OK, I'm really going to put up some low tunnel, cold frame type structures for at least a couple of the raised beds. I've been saying it for a few years, but I've found new inspiration.
A great pictorial tutorial by some folks who own a farm in British Columbia, just north of the Idaho panhandle. (Thank you Grunt & Grungy!) inspired me with their detailed description on how they did theirs. You can check it out here:
Grunt & Grungy's Low Tunnel
I'm considering combining their design with an interesting article I read about Eliot Coleman's version of a low tunnel using a double cover combination of frost preventative/insulating row cover fabric and clear plastic because I don't want to run a heater out there (too many dogs, kids, etc.).
I'm also looking for a better way to get my seeds/seedlings growing and hardened off faster, so I'm going to do some "winter sowing" I'm also going to try to move my indoor started seedling out into the low tunnels much earlier than I would normally consider moving things outside.
For anyone who wants to fill the "hunger gap" time of winter-early spring when the garden isn't producing much, there are a number of other alternatives you could consider to keep some fresh produce on their family table or going out to your CSA customers. Check out perennial varieties of vegetables. We've enjoyed a bounty of kale as well as a number of root crops that have over-wintered in our beds this year and you can too. The interest in perennial vegetables is growing and availability of winter hardy crops is getting better. Contact your local garden center or favorite online vendor and ask them what they might have available. If they don't have much in their inventory, consider doing them a favor and educate them on the subject. You'd be surprised how may vendors are open to suggestions for new varieties to include in their offerings. Another source for hard to find seeds are through seed trades with other gardeners. Do a web search and you will find a multitude of web sites and online forums/bulletin boards based around seed trading. Most of these groups have a a set of rules regarding trading, so make sure to familiarize yourself with the correct way to perform a trade. And remember, these are your fellow gardening enthusiasts you're dealing with so be kind, be communicative, be honest, and follow through on any trades you set up. If somebody is willing to send you something for free, then please at least offer to send them an SASE...a hand written thank you note is also always a nice way to show your appreciation.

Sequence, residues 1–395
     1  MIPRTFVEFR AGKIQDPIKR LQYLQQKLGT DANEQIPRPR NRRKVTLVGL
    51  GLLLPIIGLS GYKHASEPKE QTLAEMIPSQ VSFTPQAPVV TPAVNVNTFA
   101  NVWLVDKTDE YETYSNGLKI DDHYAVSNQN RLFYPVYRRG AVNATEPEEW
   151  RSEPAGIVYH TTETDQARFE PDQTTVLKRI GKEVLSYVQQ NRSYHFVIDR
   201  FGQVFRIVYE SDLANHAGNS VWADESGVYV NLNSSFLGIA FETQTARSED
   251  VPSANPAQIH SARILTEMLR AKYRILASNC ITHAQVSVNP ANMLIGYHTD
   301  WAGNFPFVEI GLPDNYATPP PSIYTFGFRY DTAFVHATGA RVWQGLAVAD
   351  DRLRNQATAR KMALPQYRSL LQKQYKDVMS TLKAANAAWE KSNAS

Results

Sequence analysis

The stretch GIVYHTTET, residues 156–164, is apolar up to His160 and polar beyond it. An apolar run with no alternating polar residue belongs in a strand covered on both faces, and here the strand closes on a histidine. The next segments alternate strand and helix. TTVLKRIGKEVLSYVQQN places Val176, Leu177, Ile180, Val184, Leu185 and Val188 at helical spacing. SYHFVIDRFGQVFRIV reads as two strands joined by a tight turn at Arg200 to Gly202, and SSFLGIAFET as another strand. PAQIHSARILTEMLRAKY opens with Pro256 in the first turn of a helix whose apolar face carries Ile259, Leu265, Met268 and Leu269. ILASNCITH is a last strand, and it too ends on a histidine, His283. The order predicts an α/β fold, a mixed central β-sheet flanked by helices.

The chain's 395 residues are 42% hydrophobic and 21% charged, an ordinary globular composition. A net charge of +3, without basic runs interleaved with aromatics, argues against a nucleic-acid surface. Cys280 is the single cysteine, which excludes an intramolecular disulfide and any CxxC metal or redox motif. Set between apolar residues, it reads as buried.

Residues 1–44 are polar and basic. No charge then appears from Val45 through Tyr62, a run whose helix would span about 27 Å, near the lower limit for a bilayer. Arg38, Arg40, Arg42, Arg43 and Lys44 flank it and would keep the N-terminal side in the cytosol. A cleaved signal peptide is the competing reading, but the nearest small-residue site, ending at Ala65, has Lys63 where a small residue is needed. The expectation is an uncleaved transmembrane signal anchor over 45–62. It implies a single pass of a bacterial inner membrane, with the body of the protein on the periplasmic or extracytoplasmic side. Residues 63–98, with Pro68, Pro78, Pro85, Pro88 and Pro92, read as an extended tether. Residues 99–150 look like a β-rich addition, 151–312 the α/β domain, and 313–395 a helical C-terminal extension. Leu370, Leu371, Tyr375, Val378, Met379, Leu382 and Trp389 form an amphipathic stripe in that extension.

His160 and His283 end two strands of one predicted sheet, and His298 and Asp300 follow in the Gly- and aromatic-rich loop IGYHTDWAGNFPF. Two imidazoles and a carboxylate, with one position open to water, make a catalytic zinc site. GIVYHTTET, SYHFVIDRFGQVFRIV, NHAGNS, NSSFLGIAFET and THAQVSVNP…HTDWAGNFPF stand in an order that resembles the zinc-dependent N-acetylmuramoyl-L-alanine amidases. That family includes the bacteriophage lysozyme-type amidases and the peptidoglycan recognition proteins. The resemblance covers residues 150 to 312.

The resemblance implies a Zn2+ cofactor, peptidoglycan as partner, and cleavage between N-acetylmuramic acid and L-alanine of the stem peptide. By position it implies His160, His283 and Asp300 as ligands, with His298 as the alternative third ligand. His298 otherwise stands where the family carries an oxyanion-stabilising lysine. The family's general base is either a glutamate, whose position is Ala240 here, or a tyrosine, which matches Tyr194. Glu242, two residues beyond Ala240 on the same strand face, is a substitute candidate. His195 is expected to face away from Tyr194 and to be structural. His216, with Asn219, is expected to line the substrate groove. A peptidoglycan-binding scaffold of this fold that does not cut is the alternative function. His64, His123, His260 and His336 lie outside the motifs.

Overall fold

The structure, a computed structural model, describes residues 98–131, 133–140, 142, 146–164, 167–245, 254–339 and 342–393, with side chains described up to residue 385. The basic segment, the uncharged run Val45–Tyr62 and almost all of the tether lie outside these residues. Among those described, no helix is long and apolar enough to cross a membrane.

Here are a couple of places you can go to learn more about perennial vegetables:
The Perennial Platter
The Vegetable Garden
Nine-Star Perennial Broccoli anyone?